32. Dalton C.M., R.W. El-Sabaawi, D.C. Honeyfield, S.K. Auer, D.N. Reznick, et al. 2017. The influence of dietary and whole-body nutrient content on the excretion of a vertebrate consumer. PLOS ONE 12(11): e0187931.
31. Auer, S.K., and T.E. Martin. 2017. Parental care mitigates carry-over effects of poor early conditions on offspring growth. Behavioral Ecology 28: 1176-1182.
30. Auer, S.K., S.S. Killen, and E.L. Rezende. 2017. Resting versus active: a meta-analysis of the intra- and inter-specific associations between minimum, sustained, and maximum metabolic rates in vertebrates. Functional Ecology 31: 1728-1738.
29. Salin, K., S.K. Auer, E. Villasevil, G. Anderson, A.G. Cairns, W. Mullen, R.C. Hartley, and N.B. Metcalfe. 2017. Using the MitoB method to assess levels of reactive oxygen species in ecological studies of oxidative stress. Nature Scientific Reports 7: 41228.
28. Auer, S.K., K. Salin, A. Rudolf, G. Anderson and N. Metcalfe. 2016. Differential effects of food availability on minimum and maximum rates of metabolism. Biology Letters 12: 20160586.
27. Salin, K., S.K. Auer, A. Rudolf, G. Anderson and N.B. Metcalfe. 2016. Variation in metabolic rate among individuals is linked to mitochondrial properties in separate tissues. Physiological and Biochemical Zoology 89: 511-523.
26. Salin, K., E. Villasevil, S.K. Auer, G. Anderson, C. Selman, N.B. Metcalfe and C. Chinopoulos. 2016. Simultaneous measurement of mitochondrial respiration and ATP production in tissue homogenates and calculation of effective P/O ratios. Physiological Reports 4: e13007.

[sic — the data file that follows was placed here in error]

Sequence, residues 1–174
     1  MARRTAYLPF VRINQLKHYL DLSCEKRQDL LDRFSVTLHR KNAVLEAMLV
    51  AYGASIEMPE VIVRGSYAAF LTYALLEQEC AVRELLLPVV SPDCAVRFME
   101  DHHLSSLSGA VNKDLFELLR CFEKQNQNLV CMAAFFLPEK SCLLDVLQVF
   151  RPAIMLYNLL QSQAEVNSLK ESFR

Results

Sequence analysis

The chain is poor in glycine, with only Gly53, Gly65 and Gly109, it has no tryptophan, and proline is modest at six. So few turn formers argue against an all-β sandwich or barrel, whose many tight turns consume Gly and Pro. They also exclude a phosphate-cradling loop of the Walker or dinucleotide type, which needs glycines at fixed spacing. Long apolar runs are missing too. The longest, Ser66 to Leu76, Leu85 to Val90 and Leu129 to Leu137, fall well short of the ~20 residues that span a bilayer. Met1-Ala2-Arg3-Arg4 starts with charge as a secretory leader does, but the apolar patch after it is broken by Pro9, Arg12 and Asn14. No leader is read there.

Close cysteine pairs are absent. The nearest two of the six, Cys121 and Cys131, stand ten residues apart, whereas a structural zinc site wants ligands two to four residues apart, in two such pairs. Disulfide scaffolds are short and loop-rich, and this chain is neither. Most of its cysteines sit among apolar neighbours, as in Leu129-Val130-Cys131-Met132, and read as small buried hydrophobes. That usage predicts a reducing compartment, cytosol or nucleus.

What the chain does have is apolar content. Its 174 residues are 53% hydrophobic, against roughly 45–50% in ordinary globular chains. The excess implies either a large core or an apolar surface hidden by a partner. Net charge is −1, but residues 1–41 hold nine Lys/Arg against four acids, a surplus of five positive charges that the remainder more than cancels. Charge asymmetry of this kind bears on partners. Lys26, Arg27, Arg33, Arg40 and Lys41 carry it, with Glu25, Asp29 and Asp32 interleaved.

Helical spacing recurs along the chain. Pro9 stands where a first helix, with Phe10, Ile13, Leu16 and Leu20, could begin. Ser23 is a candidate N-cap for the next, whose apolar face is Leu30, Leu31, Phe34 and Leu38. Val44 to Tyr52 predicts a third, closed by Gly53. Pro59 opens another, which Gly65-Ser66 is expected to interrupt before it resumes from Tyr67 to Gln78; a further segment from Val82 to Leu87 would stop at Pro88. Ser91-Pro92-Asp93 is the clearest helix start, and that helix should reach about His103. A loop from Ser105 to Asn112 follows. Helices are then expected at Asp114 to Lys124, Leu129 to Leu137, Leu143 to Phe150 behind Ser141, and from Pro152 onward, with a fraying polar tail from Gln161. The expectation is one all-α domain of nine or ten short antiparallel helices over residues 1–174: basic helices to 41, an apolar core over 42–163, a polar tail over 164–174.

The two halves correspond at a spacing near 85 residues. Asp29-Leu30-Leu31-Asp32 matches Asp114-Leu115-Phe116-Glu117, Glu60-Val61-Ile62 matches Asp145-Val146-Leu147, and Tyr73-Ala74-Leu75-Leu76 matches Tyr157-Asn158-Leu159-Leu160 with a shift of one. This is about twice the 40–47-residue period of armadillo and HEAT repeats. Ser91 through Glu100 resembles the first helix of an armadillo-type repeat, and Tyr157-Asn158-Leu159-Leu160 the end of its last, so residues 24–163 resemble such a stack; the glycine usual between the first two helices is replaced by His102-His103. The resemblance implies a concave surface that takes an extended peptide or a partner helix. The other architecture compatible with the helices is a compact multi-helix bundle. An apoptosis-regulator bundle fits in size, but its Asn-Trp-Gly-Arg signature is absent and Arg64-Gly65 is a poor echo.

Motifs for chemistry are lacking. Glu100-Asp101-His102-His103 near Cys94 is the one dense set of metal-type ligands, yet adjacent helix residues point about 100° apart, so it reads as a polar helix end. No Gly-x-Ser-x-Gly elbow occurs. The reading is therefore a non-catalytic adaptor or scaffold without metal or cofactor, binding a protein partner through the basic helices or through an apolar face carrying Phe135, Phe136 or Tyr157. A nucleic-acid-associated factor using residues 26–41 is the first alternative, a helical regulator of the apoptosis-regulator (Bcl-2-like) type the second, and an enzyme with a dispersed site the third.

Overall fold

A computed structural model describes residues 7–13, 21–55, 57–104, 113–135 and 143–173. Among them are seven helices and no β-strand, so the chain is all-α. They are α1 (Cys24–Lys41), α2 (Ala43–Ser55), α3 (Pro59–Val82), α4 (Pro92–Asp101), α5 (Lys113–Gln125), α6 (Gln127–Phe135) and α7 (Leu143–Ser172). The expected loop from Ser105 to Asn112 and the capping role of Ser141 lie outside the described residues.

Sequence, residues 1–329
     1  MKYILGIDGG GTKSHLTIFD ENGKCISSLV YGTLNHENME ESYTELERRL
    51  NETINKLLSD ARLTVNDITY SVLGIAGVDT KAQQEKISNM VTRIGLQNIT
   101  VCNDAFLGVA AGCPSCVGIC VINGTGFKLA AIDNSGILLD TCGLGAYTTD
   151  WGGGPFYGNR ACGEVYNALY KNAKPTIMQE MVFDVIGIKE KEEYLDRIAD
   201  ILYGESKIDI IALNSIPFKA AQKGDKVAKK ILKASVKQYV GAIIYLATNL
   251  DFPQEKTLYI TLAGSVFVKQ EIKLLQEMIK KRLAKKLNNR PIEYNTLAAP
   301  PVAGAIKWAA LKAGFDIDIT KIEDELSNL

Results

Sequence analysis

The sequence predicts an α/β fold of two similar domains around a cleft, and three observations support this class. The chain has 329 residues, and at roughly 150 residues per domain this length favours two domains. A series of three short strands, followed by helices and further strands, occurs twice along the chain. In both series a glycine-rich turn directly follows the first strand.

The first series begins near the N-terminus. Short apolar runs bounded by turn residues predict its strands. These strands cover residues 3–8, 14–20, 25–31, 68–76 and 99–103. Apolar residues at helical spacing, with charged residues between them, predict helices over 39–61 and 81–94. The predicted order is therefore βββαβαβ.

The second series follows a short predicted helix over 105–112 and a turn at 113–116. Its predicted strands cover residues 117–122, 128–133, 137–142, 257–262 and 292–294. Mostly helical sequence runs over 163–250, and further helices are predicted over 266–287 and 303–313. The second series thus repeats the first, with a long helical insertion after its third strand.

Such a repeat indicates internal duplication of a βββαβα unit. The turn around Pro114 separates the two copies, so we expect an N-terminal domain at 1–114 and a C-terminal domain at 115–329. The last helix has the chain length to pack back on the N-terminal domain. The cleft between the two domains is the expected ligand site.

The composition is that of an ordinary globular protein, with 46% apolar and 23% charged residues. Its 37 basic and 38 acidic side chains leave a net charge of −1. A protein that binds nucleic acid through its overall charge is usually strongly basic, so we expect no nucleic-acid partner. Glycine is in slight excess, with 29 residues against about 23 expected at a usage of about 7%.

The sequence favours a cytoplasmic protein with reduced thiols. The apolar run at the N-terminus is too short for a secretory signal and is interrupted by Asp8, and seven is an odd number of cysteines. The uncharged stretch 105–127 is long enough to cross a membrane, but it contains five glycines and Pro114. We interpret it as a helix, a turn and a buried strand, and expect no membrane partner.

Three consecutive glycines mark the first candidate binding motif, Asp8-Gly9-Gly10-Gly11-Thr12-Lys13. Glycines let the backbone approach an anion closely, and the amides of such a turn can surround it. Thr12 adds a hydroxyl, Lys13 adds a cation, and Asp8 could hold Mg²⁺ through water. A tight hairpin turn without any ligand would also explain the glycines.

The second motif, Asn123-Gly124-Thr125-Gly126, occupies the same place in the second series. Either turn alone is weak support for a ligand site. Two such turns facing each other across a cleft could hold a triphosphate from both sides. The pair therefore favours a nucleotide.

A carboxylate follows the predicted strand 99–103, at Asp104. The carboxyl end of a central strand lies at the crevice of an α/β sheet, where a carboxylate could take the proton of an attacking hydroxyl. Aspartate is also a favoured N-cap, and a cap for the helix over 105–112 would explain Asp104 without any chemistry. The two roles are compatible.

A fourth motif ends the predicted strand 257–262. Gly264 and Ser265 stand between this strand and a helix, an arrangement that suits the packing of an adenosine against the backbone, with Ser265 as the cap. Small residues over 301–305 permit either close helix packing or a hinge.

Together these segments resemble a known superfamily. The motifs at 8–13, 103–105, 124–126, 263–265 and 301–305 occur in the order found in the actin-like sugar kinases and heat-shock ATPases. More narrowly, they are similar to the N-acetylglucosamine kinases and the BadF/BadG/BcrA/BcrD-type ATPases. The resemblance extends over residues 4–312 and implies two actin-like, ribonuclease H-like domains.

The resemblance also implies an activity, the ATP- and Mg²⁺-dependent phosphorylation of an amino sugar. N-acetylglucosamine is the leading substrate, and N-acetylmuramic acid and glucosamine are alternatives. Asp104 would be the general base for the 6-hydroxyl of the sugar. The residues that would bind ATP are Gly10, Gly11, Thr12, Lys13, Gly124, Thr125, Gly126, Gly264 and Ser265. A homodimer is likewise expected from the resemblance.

25. Auer, S.K., K. Salin, G. Anderson and N.B. Metcalfe. 2016. Flexibility in metabolic rate and activity level determines individual variation in overwinter performance. Oecologia 182: 703-712.
24. Auer, S.K., R.D. Bassar, K. Salin, and N.B. Metcalfe. 2016. Repeatability of metabolic rate is lower for animals living under field versus laboratory conditions. Journal of Experimental Biology 219: 631-634.
23. Salin, K., S.K. Auer, G. Anderson and N.B. Metcalfe. 2016. Inadequate food intake at high temperatures is related to depressed mitochondrial respiratory capacity. Journal of Experimental Biology 219: 1356-1362.
22. Auer, S.K., K. Salin, G. Anderson and N.B. Metcalfe. 2015. Aerobic scope explains individual variation in feeding capacity. Biology Letters 11: 20150793.
21. Salin, K., S.K. Auer, A.M. Rudolf*, G.J. Anderson, A.G. Cairns, W. Mullen, R.C. Hartley, C. Selman, and N.B. Metcalfe. 2015. Individuals with higher metabolic rates have lower levels of reactive oxygen species hydrogen peroxide in vivo. Biology Letters 11: 20150538.